Protect your data when using public wifi with these internet security suggestions.
Public wifi may be a great way to stay connected when you’re out and about, but it’s important to know how to keep your information safe from shifty hackers. Most public wifi is either unsecured or uses shared passwords. This means that when you are sitting at the train station, in your hotel or at your favourite café, you are an easy target for hackers. Here’s how to protect yourself when using public wifi.
Who’s after your data?
If you want to stay safe from hackers and information thieves, it’s important to know your enemy. These are a few ways that cyber criminals hijack your information.
Man in the middle (MITM) attacks
Most hackers employ a tactic called ‘man in the middle’ attacks. This mean they wait for your data to be sent and then hijack it whilst in transit.
The evil twin
This is a similar tactic to the man in the middle, but in this instance hackers set up legitimate-looking wifi hotspot and snare you by calling their hotspot something like ‘Free Public Wifi’ or by a name similar to the place at which you are accessing wifi. What may seem a generous offer by your neighbourhood café could in fact be a hacker’s trap – and once you’re connected, your data is an open book.
Some hackers use software called packet sniffers to capture your data when in transit on the network that you are accessing at the time.
So, now you have an idea of how hackers snatch your data. You can combat these sneaky cyber stealers in these few ways.
Combining two-step authentication with any internet connection is a great way to thwart internet thieves. Most banks can provide you with a security token that can make your information much harder to hack – especially when you’re using public wifi to do your banking. Paypal, eBay and other online payment sites also offer inexpensive security tokens that make your online transactions so much safer.
Some public wifi may offer two-step authentication, which, when you access the network, means you’ll be directed to a website that asks you for your name, email address and mobile phone number. This is so the network can send you an individual password or code that you will need to enter before you can get online. It may seem a hassle at the time, but it’s an extra layer of protection that will safeguard your public internet activity.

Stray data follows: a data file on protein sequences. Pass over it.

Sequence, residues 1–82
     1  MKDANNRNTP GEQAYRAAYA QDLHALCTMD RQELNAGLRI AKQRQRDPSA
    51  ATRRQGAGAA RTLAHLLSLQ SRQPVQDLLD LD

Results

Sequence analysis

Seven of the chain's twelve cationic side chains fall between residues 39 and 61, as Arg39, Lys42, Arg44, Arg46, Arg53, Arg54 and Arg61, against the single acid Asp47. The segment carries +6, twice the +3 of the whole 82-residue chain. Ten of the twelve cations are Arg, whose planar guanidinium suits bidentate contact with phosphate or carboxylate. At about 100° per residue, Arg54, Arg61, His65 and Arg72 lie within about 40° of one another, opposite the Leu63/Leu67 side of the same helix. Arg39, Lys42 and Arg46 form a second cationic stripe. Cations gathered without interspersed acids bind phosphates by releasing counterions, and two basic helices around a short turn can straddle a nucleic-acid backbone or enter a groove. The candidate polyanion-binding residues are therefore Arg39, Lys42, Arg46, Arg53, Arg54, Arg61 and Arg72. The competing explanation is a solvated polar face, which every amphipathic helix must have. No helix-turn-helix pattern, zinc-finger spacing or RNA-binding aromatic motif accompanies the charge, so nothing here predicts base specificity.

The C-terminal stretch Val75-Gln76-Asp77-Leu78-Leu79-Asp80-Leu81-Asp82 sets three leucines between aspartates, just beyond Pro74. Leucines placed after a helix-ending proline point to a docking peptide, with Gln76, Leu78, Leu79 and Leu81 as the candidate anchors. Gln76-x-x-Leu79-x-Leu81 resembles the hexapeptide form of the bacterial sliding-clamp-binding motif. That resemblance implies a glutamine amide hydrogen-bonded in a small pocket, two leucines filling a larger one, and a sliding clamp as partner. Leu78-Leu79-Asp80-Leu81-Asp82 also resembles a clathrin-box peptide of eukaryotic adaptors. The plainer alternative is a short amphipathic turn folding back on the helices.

However, before entering your data on such a page, double check the URL to make sure you’re on the right website and check that it’s secure.
Use internet encryption
When you use the internet, your phone, tablet or computer sends out information similar to radio waves. If you are using a site that is HTTPS secured, you are less likely to have prying eyes spying on your data. For more information on encryption software, read this article on www.lifehacker.com.
To find out if you are using a secure connection, look in your browser URL address bar and check if the URL is preceded by ‘https’ (i.e. https://www.websitename.com).
Be wary when using public internet
It’s always best to err on the side of caution when using public internet, or any time you’re online for that matter. But a good idea is to block cookies and remove tracking in your browser when you’re on public wifi, and take care not to click on any dodgy looking links, including emails and software pop ups (e.g. free software that offers to clean up your computer). Usually, if it sounds too good to be true, it is.
Use your phone’s personal hotspot instead
If you have a phone package with a generous data plan, then you will be safer using that instead of free public wifi. Using personal hotspots, or tethering, is a much more private way to access the internet, and it makes it more difficult for hackers to access your private information.
Use a Virtual Private Network (VPN)
Virtual Private Networks (VPN) are a go-between for your computer and the internet. Simply put, VPNs receive the data from your computer and encrypt it before sending it on. This means that if a hacker does get a hold of your data, they’ll have a tough time decrypting it, making it more likely that they’ll move on to a softer target.
VPNs also stop hackers from using packet-sniffing software and, as it encrypts your data, makes it much more difficult for them to get an easy read on your information.
Caution is the key
When using public wifi, try to stay away from making credit card purchases and don’t share sensitive data or anything that you wouldn’t want someone to see if they were looking over your shoulder. That way you can almost be assured of staying safe online.
Do you ever use public wifi? Were you aware of the risks involved?
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